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Keyword: graphene

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  • Physicists Harness the Atomic Motion of Graphene to Generate Clean, Limitless Power

    10/02/2020 7:09:57 AM PDT · by Red Badger · 64 replies
    SciTechDaily.com ^ | sOctober 2, 2020 | By University of Arkansas
    Researchers build circuit that harnessed the atomic motion of graphene to generate an electrical current that could lead to a chip to replace batteries. ============================================================================ A team of University of Arkansas physicists has successfully developed a circuit capable of capturing graphene’s thermal motion and converting it into an electrical current. “An energy-harvesting circuit based on graphene could be incorporated into a chip to provide clean, limitless, low-voltage power for small devices or sensors,” said Paul Thibado, professor of physics and lead researcher in the discovery. The findings, published in the journal Physical Review E, are proof of a theory the...
  • Irish Researchers Find New Way Of Producing Graphene Using Irish Whiskey

    10/25/2019 12:12:01 PM PDT · by 2ndDivisionVet · 20 replies
    Irish Tech News ^ | October 25, 2019
    Researchers at AMBER, the SFI Research Centre for Advanced Materials and BioEngineering Research hosted by Trinity College Dublin, today announced the development of a new way to exfoliate graphene using Irish whiskey. An increasing number of graphene production techniques have been developed to enable graphene’s use in commercial applications. Liquid-phase exfoliation – pioneered by AMBER researchers – has been deemed by the research community as one of the most efficient and scalable means for producing high-quality graphene sheets. In this study, the team from AMBER have shown that defect-free nanosheets can be exfoliated in Irish whiskey and also that inks...
  • Tetra Pak to research uses for graphene in the packaging industry

    10/19/2019 10:00:05 PM PDT · by 2ndDivisionVet · 10 replies
    Packaging Gateway ^ | October 16, 2019 | Rosie Lintott
    Multinational food packaging company Tetra Pak will be exploring the possible future applications of graphene in food and beverage manufacturing as the exclusive representative from the packaging industry at the European Commission Graphene Flagship project. The company is leading research and development in the packaging industry into how graphene can be used to unlock innovations for food and beverages. Graphene is a thin, carbon-based material that is around 200 times stronger than steel. It is an excellent conductor of heat and electricity, and absorbs light in a number of ways. Tetra Pak will look at how graphene can be used...
  • Graphene adds Step-Change to Clean Water Tech

    10/04/2019 7:57:23 PM PDT · by 2ndDivisionVet · 7 replies
    Labmate ^ | October 3, 2019
    Removing salts from brackish water using graphene-based membranes is being conducted by researchers from the University of Manchester and Khalifa University of Science and Technology in Abu Dhabi, in a bid to tackle water scarcity. Reverse osmosis, which requires large quantities of water to be forced through a membrane, is a popular method to remove high content of salts; however, bodies of brackish water, with lower salt content, require more efficient methods. The team of researchers developed new ion-selective membranes incorporating graphene oxide, for use in electromembrane desalination processes such as electrodialysis and membrane capacitive deionisation, which drives ions in...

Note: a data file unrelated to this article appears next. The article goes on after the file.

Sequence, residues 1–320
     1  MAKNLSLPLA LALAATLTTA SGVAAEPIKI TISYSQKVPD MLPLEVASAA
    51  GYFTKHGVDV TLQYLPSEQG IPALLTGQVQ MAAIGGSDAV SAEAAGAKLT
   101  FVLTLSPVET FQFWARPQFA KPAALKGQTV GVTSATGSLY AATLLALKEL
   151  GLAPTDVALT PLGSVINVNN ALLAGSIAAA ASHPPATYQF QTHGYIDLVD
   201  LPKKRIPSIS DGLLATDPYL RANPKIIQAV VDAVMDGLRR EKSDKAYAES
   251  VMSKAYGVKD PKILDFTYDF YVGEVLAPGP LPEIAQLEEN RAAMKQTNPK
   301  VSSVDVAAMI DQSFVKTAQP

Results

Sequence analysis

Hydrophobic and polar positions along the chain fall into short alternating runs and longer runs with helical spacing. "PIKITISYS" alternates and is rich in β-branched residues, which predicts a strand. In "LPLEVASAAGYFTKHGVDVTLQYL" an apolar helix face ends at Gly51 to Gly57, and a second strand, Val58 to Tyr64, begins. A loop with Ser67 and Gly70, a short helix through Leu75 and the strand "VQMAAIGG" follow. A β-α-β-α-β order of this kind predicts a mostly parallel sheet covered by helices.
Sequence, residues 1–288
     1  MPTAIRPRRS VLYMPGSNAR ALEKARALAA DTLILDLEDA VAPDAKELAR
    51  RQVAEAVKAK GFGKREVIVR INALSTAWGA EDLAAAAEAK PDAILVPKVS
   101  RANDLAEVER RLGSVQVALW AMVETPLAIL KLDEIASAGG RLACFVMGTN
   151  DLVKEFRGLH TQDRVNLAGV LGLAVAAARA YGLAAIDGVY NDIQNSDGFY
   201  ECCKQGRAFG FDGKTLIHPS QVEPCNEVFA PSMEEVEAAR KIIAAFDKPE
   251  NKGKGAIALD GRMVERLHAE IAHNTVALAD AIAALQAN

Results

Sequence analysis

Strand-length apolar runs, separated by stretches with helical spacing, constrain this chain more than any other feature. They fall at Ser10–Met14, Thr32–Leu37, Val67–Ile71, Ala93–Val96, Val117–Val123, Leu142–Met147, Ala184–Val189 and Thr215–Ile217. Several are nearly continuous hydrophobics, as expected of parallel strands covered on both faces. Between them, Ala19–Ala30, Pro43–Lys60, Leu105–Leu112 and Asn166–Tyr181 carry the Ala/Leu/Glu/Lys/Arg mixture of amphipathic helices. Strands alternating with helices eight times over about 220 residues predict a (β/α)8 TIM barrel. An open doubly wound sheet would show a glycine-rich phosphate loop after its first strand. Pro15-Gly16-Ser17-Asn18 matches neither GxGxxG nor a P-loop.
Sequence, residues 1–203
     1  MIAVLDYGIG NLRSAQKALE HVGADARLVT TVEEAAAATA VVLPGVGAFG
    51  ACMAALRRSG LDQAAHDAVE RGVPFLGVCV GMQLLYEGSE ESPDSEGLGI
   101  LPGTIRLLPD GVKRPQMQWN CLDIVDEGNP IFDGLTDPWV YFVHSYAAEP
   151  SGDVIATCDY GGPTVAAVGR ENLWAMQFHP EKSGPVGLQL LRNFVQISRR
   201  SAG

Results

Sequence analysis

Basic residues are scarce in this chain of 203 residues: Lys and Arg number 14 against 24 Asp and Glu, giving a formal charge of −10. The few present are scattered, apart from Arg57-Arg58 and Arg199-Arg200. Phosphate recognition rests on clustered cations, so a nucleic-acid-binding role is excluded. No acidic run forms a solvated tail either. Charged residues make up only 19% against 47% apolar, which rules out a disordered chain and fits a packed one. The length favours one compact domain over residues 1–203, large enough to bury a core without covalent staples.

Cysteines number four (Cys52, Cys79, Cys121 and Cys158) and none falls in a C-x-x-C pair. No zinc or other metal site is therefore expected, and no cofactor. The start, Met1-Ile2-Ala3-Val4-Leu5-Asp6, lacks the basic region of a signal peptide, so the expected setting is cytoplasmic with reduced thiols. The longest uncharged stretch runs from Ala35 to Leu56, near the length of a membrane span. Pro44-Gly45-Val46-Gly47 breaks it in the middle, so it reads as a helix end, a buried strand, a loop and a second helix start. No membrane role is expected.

• New method to fabricate graphene sheet fabricated from camphor

    09/03/2019 11:37:25 PM PDT · by 2ndDivisionVet · 12 replies
    Down To Earth ^ | August 19, 2019 | Susheela Srinivas
    Graphene, a recently discovered wonder material, is increasingly sought after for its superior electrical, thermal, optical and mechanical properties. It is used in the manufacture of optoelectronic devices such as detectors, sensors and solar cells. It is made up of one-atom-thick, honeycomb-like structure of carbon atoms. A significant challenge faced by scientists is the fabrication of large-area graphene sheets for devices. Finding a ‘green’ source for the carbon atoms is another hurdle. Indian researchers have now developed a new method to fabricate graphene sheets from camphor — a readily available ingredient often used in religious rituals. “Camphor is a plant...
  • Graphene and Water Treatment

    08/31/2019 11:50:48 PM PDT · by 2ndDivisionVet · 19 replies
    AZO Cleantech ^ | August 28, 2019 | Dr. Ramya Dwivedi, Ph.D.
    Over 2 billion people are facing a water crisis, and water-related hygiene and sanitation problems. Clean water is the base for economic development of any society. Water treatment produces clean water. Water treatment includes sedimentation, filtration, aeration, solar treatment, chlorination, and sterilization by boiling. A wide range of treatment processes have evolved to suit the different local conditions. Water treatment must produce ‘clean water’, which is having all contaminants safely below the maximum permissible limits (MPL). With oft revised MPL, new materials are explored to address the presence of contaminants such as microbes, heavy metal ions, oils, pesticides, disinfection byproduct...
  • Samsung rumored to launch phone with graphene battery next year

    08/20/2019 7:29:04 PM PDT · by 2ndDivisionVet · 28 replies
    Graphene Info ^ | August 19, 2019 | CNet